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The Grateful Dead don't blow it on their first-ever network TV appearance

The Dead are absolutely hopeless, no doubt about it.  They blow everything, from lines to gigs.  Fortunately, they were quite transcendent most nights that nothing mattered.

Naturally, they stayed the hell away from live television.  This was the first time they’d appeared on any network show in their entire career –– which, at this point, was going on 14 years –– longer than The Beatles, Cream and CSNY were together –– combined.

Finally, a decade and a half in, Tom Davis, a founding writer at Saturday Night Live and lifelong Deadhead, had been bugging Lorne Michaels to book them for long enough, and after 3 years, Lorne caved in and took the chance on the act that might not only bomb, but would likely dose the entire cast and crew during a live television show. (see: what they did to Hefner & crew on Playboy After Dark).  
 

Right from the start Belushi and the drummers hit it off, and an historic relationship in the annals of debauchery bloomed over this clip, leading to The Blues Brothers famously joining The Dead at their annual orgiastic New Year’s Eve show in San Francisco six weeks later.  As official Dead biographer Dennis McNally put it in his definitive biography, "A Long Strange Trip":  “SNL was one of the few scenes on the planet that could compete with The Dead for drug abuse.” 

The band existed in the middle of a tornado, and anything could get swept up and scrambled randomly.  The Sex Pistols might have stuck pins through their cheeks, but The Dead were surrounded by Hell’s Angels who would tear them out without undoing them.

The Dead, who could handle anything musically and went on stage every night without a net or a set list, were petrified at doing structured television. So much so . . . they actually rehearsed for this. That’s right.  Once every 10 years whether they needed to or not.  And they brought 7 minutes down to 3-and-a-half!  Leaving scores of their former record executives screaming, “Why couldn’t they do that for me?!”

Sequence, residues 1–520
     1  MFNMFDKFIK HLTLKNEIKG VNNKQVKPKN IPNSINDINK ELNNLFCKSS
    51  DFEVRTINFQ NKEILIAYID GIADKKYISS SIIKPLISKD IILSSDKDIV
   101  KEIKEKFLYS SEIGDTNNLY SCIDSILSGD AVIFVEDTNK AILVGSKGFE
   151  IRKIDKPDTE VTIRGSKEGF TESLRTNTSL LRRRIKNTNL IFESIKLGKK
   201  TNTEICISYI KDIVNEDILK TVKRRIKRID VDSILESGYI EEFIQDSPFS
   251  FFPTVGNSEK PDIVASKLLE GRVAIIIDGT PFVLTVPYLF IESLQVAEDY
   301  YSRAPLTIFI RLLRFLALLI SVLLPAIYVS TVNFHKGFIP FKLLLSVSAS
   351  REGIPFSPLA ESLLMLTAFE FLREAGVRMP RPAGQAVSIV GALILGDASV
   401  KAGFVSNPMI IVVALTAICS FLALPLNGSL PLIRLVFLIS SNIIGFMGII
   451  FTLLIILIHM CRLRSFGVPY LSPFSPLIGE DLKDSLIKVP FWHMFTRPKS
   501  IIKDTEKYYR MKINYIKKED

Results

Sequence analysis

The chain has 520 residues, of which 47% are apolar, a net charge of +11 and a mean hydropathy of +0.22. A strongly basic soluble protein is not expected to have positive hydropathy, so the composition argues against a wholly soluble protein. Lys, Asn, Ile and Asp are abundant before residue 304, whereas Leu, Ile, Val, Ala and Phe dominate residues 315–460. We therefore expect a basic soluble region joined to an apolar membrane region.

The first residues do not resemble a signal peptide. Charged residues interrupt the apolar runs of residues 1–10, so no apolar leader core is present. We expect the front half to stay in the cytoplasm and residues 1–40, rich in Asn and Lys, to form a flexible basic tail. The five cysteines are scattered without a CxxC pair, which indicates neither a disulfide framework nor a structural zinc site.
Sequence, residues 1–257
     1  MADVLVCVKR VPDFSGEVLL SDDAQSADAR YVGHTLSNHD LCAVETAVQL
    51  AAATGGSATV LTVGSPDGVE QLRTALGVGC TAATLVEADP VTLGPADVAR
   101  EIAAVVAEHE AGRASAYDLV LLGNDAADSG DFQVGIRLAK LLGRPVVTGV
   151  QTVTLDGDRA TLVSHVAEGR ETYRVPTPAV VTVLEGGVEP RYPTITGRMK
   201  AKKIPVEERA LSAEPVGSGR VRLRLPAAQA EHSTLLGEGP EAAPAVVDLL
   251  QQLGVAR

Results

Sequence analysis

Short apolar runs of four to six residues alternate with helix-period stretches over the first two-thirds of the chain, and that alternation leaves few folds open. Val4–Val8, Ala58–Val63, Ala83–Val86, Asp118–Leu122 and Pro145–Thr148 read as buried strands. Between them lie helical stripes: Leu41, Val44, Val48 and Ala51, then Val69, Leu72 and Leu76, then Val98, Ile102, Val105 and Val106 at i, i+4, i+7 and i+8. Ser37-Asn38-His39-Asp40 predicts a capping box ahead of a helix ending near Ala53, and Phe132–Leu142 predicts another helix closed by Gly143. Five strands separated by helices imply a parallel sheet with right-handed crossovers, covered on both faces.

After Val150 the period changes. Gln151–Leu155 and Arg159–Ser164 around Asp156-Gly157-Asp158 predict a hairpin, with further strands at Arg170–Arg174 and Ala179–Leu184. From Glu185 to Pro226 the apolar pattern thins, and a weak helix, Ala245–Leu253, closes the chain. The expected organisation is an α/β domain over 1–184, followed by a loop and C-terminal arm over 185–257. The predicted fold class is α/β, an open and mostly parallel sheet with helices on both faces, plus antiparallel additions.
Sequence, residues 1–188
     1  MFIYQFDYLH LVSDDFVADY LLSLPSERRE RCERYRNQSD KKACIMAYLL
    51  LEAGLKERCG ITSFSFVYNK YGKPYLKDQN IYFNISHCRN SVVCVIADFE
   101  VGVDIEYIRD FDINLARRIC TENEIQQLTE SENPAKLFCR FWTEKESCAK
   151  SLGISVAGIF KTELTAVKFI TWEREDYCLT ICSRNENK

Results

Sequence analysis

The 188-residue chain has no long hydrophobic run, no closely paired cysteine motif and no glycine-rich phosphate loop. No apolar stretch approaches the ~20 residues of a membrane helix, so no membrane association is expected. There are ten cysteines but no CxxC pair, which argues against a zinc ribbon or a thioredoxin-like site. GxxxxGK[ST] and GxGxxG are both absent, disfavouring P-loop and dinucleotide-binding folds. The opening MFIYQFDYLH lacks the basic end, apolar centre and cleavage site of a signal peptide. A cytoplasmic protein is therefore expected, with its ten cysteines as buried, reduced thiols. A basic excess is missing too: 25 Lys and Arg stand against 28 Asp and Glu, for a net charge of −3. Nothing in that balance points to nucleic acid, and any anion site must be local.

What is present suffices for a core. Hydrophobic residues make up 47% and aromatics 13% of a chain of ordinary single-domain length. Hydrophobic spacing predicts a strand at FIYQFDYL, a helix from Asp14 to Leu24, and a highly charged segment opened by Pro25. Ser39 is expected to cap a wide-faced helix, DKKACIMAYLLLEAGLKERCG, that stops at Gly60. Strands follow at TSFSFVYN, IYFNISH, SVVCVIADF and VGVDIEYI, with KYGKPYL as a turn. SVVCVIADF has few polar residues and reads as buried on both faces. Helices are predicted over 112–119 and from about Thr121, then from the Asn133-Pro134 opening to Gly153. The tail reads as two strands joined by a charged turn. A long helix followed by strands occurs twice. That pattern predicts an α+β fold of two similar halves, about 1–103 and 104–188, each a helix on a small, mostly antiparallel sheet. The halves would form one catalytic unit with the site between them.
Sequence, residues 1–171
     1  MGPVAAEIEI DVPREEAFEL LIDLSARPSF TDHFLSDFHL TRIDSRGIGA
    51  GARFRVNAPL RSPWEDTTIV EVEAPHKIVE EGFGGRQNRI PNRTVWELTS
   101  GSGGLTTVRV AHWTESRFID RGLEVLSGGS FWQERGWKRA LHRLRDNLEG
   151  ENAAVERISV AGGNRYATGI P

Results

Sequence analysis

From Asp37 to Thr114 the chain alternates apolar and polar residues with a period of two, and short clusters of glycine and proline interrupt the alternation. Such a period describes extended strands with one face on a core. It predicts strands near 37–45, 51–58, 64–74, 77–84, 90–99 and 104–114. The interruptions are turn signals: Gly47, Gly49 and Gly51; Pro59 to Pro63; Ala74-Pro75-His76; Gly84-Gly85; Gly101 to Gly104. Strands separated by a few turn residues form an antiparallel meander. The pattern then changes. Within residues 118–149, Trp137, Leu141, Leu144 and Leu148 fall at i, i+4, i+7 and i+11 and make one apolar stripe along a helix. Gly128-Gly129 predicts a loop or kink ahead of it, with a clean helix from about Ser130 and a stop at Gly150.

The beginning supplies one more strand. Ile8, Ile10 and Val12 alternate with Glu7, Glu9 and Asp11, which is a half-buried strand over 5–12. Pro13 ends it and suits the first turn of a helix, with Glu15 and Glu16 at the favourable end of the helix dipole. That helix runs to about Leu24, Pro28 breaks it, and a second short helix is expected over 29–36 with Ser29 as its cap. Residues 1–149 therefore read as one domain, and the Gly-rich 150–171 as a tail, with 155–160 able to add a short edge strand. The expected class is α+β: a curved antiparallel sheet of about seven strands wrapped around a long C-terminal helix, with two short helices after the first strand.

And what’s so wonderful about this Casey Jones is – they pull it off!  They’re on!  Garcia’s just grinning-in-a-groove from the start, and by the end he’s almost laughing.  “Hey! We’re not fucking up!! This is easy!”

Course, in the next segment, they break out new material and we’re right back to square one.  But for 3 glorious minutes The Boys don’t blow it!
 

They’re gonna be big I tell ya!

======================

The Grateful Dead (left to right):  Bob Weir (rhythm guitar and harmonies); Donna Jean Godchaux (harmony vocals);  Bill Kreutzmann (drums); Jerry Garcia (lead guitar & lead vocal);  Phil Lesh (bass);  Mickey Hart (drums);  Keith Godchaux (electric piano).

No additional information is available at this time.
Retrieved from Wikipedia:
Casey Jones on Wikipedia
"Casey Jones"
Song by Grateful Dead from the album Workingman's Dead
ReleasedJune 14, 1970
Recorded
GenreRock
Length4:24
LabelWarner Bros.
Writer(s)Robert Hunter
Composer(s)Jerry Garcia
Producer(s)Bob Matthews
Betty Cantor
Grateful Dead
Workingman's Dead track listing